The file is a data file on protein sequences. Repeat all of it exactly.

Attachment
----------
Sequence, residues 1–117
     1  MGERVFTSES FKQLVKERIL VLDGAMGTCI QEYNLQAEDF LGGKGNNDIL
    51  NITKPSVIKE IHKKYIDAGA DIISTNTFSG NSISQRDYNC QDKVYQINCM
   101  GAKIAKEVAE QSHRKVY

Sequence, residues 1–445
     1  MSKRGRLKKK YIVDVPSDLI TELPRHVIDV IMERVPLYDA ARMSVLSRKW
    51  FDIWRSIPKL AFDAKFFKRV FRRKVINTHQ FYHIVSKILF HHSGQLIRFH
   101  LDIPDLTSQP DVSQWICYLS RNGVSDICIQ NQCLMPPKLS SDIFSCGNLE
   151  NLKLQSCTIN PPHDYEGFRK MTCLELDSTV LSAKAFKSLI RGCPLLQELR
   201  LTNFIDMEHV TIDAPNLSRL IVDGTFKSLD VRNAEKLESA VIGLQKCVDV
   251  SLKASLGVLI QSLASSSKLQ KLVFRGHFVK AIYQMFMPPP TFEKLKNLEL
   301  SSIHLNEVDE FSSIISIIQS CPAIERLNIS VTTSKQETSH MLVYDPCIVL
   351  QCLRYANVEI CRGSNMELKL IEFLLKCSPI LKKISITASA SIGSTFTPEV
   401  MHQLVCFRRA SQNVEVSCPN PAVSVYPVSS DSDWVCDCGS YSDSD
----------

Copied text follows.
Sequence, residues 1–117
     1  MGERVFTSES FKQLVKERIL VLDGAMGTCI QEYNLQAEDF LGGKGNNDIL
    51  NITKPSVIKE IHKKYIDAGA DIISTNTFSG NSISQRDYNC QDKVYQINCM
   101  GAKIAKEVAE QSHRKVY

Sequence, residues 1–445
     1  MSKRGRLKKK YIVDVPSDLI TELPRHVIDV IMERVPLYDA ARMSVLSRKW
    51  FDIWRSIPKL AFDAKFFKRV FRRKVINTHQ FYHIVSKILF HHSGQLIRFH
   101  LDIPDLTSQP DVSQWICYLS RNGVSDICIQ NQCLMPPKLS SDIFSCGNLE
   151  NLKLQSCTIN PPHDYEGFRK MTCLELDSTV LSAKAFKSLI RGCPLLQELR
   201  LTNFIDMEHV TIDAPNLSRL IVDGTFKSLD VRNAEKLESA VIGLQKCVDV
   251  SLKASLGVLI QSLASSSKLQ KLVFRGHFVK AIYQMFMPPP TFEKLKNLEL
   301  SSIHLNEVDE FSSIISIIQS CPAIERLNIS VTTSKQETSH MLVYDPCIVL
   351  QCLRYANVEI CRGSNMELKL IEFLLKCSPI LKKISITASA SIGSTFTPEV
   401  MHQLVCFRRA SQNVEVSCPN PAVSVYPVSS DSDWVCDCGS YSDSD